Acupuncture is a method of encouraging the body to promote natural healing and to improve functioning. This is done by inserting needles and applying heat or electrical stimulation at very precise acupuncture points (AAMA, 2016).
Acupuncture has existed since at least the Han Dynasty in China over 2,000 years ago and was introduced in Europe in the 17th century (AAMA, 2016, para.1) During the Warring States Era (421 -221 B.C.), metal needles replaced the stone needles. Four gold needles and five silver needles were found in an ancient tomb dating back to 113 B.C. The Miraculous Pivot names nine types of acupuncture needles (ACOS, 2016).
From 260-265 A.D., the famous physician Huang Fu Mi, organized all of the ancient literature into his classic text – Systemic Classics of Acupuncture and Moxibustion (ACOS, 2016). The popularity and use of acupuncture and Chinese medicine in China ebbed and flowed with passing generations. Acupuncture was used exclusively during the long march (1934-35) in China and, despite harsh conditions, it helped maintain the health of the army (ACOS, 2016).
NCCAM has supported extensive research on acupuncture. Studies have looked at its effect on specific health conditions and how it affects the brain and nervous system. Originally founded in 1992 as the Office of Alternative Medicine (OAM), the NCCAM facilitates the research and evaluation of unconventional medical practices and disseminates this information to the public. The NCCAM established in 1998, supports 13 Centers, where researchers conduct studies on complementary and alternative medicine for specific health conditions and diseases. Scientists at several Centers are investigating acupuncture therapy.Researchers at the NCCAM Center at the University of Maryland in Baltimore conducted a randomized controlled clinical trial and found that patients treated with acupuncture after dental surgery had less intense pain than patients who received a placebo. 20 Other scientists at the Center found that older people with osteoarthritis experienced significantly more pain relief after using conventional drugs and acupuncture together than those using conventional therapy alone (AAMA, 2016).
Acupuncture is a popular alternative treatment for pain caused by injury, arthritis, headaches and migraines, cancer, and other conditions that cause chronic pain. The National Center for Complementary and Integrative Health states that, “Results from a number of studies suggest that acupuncture may help ease types of pain that are often chronic such as low-back pain, neck pain, and osteoarthritis/knee pain. It also may help reduce the frequency of tension headaches and prevent migraine headaches” (National Center for Complementary and Integrative Health, 2015-b, para. 5). Relief of pain caused by fibromyalgia may also be a result of acupuncture (NCCIH, 2015-a, para. 3).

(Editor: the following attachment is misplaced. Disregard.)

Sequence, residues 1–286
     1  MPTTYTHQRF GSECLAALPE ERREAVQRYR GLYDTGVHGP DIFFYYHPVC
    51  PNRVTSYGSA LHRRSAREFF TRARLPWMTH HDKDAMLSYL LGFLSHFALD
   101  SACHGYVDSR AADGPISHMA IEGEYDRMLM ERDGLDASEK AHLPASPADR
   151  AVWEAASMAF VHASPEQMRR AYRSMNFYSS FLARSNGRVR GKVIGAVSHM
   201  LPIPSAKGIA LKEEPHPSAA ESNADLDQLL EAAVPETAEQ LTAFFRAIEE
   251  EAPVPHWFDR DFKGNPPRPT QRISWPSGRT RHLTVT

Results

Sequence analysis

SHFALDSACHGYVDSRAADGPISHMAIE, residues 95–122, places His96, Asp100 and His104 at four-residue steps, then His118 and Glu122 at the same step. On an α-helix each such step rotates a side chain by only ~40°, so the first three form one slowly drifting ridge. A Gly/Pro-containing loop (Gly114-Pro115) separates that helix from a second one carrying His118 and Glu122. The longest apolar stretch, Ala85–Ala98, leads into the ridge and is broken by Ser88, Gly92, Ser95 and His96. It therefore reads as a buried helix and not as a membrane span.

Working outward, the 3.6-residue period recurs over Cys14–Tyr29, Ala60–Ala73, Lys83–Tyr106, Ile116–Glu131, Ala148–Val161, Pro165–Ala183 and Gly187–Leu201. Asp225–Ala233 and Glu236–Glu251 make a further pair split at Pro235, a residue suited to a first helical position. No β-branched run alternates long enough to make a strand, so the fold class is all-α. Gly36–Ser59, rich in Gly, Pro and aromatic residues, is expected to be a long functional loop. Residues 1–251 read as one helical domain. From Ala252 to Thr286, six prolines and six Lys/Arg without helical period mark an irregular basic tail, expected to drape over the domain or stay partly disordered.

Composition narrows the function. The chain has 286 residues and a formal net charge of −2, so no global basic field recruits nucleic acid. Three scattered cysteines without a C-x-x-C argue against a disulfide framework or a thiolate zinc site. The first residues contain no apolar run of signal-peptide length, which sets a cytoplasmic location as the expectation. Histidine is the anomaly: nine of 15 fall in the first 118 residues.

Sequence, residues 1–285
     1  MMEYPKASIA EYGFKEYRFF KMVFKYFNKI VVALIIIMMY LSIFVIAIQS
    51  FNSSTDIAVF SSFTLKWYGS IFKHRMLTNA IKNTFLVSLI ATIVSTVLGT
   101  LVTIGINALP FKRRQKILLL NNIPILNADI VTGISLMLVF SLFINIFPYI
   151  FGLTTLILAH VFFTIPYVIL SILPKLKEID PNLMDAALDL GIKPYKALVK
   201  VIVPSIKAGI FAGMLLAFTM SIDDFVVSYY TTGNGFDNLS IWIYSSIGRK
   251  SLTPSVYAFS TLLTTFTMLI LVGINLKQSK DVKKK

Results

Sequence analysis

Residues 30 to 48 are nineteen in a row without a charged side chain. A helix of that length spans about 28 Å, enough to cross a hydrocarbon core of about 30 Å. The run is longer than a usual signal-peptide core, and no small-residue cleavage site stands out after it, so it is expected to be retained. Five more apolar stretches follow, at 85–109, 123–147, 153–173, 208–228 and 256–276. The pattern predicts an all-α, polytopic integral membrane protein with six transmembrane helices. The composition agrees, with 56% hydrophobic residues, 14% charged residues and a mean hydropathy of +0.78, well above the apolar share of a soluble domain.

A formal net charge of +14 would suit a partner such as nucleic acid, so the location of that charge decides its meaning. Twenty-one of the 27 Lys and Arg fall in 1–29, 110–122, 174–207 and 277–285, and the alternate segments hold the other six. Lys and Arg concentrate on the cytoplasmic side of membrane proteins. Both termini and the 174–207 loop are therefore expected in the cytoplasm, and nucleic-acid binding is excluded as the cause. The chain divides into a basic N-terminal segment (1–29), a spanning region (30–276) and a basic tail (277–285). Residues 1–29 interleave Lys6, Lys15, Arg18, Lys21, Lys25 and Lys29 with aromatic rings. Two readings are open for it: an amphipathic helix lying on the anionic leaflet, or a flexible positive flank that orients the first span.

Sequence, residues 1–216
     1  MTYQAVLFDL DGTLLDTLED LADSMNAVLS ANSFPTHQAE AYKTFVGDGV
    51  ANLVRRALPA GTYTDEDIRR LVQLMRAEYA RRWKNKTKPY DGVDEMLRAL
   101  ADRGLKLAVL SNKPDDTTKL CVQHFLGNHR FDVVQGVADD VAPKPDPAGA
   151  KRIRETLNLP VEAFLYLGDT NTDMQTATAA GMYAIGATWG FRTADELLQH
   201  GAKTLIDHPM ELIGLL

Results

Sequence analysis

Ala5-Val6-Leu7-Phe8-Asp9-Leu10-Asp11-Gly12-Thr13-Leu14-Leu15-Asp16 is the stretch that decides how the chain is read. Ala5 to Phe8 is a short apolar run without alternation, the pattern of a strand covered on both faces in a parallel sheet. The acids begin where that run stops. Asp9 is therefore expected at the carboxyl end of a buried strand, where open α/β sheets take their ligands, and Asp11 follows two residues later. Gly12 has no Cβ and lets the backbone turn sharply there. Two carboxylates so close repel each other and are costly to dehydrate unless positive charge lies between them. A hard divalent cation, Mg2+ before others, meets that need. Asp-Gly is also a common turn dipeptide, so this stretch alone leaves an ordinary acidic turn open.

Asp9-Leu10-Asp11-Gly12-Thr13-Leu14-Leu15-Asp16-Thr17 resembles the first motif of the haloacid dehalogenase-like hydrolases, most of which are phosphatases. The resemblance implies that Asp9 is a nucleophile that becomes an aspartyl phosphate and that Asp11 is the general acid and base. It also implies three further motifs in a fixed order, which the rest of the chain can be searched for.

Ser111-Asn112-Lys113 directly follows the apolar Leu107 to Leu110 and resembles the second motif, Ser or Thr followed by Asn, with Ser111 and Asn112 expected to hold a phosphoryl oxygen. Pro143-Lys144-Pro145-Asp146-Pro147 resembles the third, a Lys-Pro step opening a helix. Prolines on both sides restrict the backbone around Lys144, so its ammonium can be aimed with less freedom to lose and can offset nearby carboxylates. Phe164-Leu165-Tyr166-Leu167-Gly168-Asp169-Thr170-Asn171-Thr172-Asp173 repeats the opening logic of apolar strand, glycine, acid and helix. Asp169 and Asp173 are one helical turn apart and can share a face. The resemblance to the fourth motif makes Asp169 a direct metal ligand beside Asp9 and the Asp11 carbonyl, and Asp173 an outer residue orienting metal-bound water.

Image retrieved from https://nccih.nih.gov/health/acupuncture
Acupuncture is the use of small needles placed in specific areas to help relieve pain and inflammation. Acupuncture help can reduce muscles spasm and inflammation associated with the sciatic nerve by improving blood flow to the lower back and increasing circulation. It helps relax muscles and may increase flexibility (Woods, 2010). Because this is related to nerves, needles are placed in areas in different parts of the body and are considered receptors of nerve pain.
A study done by Lei et al. (2014), found that patients with Parkinson’s disease experienced an improvement in their balance, gait, and length stride after acupuncture treatments were complete. In this study there were two groups. One group received electroacupuncture and the control group received sham acupuncture. Each patient received a 30-minute acupuncture session once a week for three weeks. Objective measurements were taken of each patient’s gait and balance while doing various activities and from various positions. It was found that in the acupuncture group, balance increased by 31 percent, gait speed increased by 10 percent, and stride length increased by 5 percent. There was no improvement in the control group. Due to this study, researchers concluded that electroacupuncture is an effective therapy for Parkinson’s disease.
Image retrieved from https://en.wikipedia.org/wiki/Parkinson%27s_disease
Studies have also shown inconclusive evidence that acupuncture is effective in treating depression, but NCCIH reports that this limited evidence is also due to, “different types of acupuncture studied, duration and frequency of sessions, and methodological flaws, including small sample sizes, and inconsistent randomization and blinding” (NCCIH, 2015-d, para. 38). Therefore, it remains to be seen whether or not acupuncture can benefit those suffering from depression. Similar studies are being performed to determine the efficacy of acupuncture for stress and anxiety, including Post Traumatic Stress Disorder (PTSD). Further research is needed to determine the benefits of acupuncture in this area, among many others.